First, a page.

Accurate load forecasting is a high priority for Transportation Companies, Shippers and Distribution Companies. Expectations regarding attainable accuracy often exceed what is possible given the data quality, data availability and other drivers about which we know very little. Why is this? This paper tries to answer this question by describing the forecasting process and highlighting those things that can affect the forecast accuracy. The paper also describes how a user might get around some of these affects. Some examples of real data are described together with what forecasting performance we might reasonably expect to get using such data. Some examples are discussed where it is unlikely without direct communication with the customer that a better forecast can be produced than just using yesterdays value. It is important to understand that accurate forecasts cannot be obtained easily by throwing data at a forecasting package. The conclusion is that time must be spent understanding the problem with end-user input before forecasting models are built. Having had this dialogue with the end-user, reasonable expectations can be set and a forecasting system delivered that fully achieves them.
This paper explains the pitfalls that can be encountered when attempting to produce accurate demand forecasts. Forecasting is a relatively simple process, it requires you to build a model relating an input, maybe historical load, to an output possibly future load. What can be more simple? The problem is that this is not the whole story. To explain further the forecasting process is described in a little more detail, followed by some examples of where forecasting is easy or not so easy and finally a few remarks are made on whether accurate forecasting is a reality or just a dream.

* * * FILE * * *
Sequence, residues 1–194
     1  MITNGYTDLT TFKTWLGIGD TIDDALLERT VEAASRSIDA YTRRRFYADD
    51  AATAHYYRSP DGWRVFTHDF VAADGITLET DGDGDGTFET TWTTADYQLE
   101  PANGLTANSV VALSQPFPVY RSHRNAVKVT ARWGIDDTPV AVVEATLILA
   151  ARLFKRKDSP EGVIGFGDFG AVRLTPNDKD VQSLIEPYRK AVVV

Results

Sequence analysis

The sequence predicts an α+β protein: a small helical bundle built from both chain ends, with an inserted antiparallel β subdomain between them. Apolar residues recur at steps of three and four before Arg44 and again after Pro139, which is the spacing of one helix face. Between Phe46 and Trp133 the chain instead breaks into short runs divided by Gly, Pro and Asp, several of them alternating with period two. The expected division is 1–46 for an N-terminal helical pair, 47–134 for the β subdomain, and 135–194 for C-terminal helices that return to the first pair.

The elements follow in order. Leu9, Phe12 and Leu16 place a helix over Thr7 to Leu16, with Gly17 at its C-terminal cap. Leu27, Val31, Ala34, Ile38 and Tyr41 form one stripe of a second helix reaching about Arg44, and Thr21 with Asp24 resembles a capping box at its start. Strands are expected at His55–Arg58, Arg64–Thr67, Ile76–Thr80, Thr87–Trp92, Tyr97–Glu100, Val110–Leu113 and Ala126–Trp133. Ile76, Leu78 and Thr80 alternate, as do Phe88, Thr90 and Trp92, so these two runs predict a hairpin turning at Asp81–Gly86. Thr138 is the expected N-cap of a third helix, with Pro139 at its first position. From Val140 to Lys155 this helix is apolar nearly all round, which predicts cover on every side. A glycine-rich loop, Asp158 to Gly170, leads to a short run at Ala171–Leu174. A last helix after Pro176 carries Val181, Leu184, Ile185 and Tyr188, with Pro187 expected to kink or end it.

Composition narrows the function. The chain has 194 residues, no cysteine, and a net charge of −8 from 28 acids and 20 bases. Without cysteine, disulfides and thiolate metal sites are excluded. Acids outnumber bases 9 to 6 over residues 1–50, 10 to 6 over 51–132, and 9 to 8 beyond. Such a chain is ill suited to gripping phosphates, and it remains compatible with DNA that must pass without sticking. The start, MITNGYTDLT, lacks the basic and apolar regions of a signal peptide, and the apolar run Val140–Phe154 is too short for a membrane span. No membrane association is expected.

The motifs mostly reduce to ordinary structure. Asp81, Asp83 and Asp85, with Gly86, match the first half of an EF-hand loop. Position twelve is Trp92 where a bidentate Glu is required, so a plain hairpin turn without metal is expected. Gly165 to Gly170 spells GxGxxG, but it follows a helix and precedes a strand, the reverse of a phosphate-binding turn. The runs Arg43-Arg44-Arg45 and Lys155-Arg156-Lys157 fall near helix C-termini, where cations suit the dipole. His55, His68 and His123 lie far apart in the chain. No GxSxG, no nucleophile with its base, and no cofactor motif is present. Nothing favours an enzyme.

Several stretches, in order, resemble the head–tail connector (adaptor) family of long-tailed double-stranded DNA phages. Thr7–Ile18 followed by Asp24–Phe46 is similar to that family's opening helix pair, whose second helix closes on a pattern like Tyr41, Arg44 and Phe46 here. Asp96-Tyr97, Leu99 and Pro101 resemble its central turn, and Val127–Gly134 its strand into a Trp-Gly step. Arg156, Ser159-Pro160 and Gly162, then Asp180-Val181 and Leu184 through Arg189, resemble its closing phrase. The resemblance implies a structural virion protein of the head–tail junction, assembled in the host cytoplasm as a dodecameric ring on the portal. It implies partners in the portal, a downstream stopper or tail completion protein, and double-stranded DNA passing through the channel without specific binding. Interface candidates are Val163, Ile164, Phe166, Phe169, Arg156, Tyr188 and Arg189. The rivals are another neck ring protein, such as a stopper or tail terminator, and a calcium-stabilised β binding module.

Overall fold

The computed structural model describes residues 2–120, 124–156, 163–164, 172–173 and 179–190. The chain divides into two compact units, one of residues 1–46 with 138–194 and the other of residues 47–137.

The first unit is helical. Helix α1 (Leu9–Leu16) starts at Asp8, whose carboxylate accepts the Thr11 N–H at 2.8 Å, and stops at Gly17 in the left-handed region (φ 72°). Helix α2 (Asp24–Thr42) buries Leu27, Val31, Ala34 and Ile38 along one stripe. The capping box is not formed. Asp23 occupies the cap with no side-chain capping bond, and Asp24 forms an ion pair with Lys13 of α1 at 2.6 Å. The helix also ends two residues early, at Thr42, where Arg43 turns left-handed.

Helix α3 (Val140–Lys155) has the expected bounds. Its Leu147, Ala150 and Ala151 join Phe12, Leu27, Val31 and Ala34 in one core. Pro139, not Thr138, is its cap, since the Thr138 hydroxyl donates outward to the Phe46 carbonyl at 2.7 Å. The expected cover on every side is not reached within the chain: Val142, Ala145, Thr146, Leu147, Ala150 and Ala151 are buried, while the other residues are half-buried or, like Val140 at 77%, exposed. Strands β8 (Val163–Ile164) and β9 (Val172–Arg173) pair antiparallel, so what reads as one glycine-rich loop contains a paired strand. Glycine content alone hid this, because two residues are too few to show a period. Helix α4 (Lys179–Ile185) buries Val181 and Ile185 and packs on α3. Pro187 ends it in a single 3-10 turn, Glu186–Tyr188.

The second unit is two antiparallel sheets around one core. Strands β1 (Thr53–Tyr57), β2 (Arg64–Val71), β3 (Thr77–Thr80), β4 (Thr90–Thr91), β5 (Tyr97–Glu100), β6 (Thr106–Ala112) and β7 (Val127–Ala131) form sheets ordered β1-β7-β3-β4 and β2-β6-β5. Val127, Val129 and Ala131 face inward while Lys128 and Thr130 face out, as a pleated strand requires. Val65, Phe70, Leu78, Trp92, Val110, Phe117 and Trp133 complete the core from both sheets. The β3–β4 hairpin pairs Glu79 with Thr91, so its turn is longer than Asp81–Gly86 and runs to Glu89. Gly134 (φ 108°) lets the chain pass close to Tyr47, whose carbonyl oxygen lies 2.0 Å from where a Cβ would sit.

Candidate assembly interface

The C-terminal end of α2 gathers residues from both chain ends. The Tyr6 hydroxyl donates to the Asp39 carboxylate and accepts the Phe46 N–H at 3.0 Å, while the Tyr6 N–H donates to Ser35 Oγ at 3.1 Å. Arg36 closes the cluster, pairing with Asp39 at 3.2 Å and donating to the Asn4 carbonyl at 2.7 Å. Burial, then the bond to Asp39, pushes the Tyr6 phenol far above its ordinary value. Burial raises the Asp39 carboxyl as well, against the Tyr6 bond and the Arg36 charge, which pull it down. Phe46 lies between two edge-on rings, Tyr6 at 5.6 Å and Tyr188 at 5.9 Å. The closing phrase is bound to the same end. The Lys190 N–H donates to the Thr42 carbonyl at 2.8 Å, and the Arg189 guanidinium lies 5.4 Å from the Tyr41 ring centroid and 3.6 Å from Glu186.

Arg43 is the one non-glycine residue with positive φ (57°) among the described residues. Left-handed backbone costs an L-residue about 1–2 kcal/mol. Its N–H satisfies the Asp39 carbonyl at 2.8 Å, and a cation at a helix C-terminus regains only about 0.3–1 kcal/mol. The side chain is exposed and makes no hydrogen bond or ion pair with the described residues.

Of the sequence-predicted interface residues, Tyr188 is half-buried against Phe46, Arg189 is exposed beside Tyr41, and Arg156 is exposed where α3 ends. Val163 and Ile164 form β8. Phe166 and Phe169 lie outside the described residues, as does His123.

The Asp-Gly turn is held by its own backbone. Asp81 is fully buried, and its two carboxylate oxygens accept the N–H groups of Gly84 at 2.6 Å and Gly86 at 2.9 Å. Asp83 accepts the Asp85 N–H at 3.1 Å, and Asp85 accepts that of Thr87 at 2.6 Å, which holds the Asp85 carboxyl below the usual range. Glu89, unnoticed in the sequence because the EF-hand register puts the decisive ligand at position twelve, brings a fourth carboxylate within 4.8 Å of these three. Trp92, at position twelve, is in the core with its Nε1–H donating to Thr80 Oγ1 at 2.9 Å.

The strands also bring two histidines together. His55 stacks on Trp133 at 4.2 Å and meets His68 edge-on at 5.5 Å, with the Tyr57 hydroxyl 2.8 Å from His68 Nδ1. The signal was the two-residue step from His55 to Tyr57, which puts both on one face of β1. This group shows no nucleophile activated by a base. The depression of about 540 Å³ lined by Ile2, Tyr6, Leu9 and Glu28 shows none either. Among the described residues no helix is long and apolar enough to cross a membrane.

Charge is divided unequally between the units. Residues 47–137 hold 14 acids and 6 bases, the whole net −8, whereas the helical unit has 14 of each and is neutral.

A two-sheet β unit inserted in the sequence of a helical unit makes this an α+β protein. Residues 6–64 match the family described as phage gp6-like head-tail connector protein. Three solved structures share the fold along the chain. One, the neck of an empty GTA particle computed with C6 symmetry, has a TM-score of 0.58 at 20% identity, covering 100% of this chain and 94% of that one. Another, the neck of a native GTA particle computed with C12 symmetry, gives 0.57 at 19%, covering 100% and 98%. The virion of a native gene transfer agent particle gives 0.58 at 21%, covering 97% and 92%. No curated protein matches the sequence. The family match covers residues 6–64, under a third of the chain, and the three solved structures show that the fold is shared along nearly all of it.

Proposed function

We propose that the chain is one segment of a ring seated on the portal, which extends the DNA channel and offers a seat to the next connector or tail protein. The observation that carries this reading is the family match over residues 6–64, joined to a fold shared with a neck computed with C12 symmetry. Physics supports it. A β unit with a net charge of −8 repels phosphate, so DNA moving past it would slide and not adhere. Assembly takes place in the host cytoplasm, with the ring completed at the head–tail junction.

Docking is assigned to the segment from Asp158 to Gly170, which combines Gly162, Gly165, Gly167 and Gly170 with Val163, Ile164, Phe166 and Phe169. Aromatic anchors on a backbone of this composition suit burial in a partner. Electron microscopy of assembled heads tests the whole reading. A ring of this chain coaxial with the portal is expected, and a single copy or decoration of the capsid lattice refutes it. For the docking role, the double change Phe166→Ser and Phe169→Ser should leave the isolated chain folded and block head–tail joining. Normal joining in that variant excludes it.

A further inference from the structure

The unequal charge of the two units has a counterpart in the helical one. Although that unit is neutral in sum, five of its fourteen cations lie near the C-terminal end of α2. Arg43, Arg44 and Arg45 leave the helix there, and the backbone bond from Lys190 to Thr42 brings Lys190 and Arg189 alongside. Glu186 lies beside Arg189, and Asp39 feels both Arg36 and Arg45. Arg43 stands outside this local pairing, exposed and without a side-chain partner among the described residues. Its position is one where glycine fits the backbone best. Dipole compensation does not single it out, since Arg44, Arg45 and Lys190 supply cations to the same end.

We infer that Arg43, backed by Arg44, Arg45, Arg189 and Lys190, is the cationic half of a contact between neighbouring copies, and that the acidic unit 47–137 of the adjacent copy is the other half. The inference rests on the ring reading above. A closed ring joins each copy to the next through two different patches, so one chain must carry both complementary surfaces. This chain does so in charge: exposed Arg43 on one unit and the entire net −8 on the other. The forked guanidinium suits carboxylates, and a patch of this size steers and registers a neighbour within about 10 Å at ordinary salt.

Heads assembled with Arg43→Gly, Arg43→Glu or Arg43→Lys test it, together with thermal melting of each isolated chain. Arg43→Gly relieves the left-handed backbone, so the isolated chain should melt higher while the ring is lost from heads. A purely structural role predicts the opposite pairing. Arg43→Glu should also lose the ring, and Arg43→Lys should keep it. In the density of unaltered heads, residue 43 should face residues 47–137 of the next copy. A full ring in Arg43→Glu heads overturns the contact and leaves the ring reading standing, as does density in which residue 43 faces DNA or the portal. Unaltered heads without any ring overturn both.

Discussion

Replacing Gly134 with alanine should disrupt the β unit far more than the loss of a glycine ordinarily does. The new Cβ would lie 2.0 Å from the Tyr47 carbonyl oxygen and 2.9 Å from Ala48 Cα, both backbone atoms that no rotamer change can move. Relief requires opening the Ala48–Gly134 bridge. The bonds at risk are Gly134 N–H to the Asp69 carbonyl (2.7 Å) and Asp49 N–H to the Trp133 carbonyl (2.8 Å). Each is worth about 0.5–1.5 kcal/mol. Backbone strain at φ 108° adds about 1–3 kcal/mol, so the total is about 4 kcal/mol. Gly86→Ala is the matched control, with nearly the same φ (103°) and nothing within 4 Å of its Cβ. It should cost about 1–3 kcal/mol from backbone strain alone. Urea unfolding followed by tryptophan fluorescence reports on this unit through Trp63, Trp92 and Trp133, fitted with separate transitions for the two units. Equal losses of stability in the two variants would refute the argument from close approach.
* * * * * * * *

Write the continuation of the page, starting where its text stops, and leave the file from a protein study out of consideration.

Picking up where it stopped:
Forecasting can be divided up into six clear processes:
analysing data and identifying models
estimating parameters or training models
verification of models
If any of these processes is not undertaken with care and a certain amount of skill then there is potential for an inaccurate forecast. Each process will be taken in turn and the potential pitfalls identified.
Obtaining data sounds like the most straightforward of the tasks. In reality, this is not so. There are many things to consider before we can be certain that you have all of the data that you need and that the data is of the necessary quality. In order to forecast any load some historical data will be required, for some loads a few days of data will be sufficient to forecast the future. An example of this might be a constant process load where demand tomorrow will be the same as the demand yesterday or perhaps the same day last week. For others the load might be weather sensitive so we may need to include historical weather data in the model.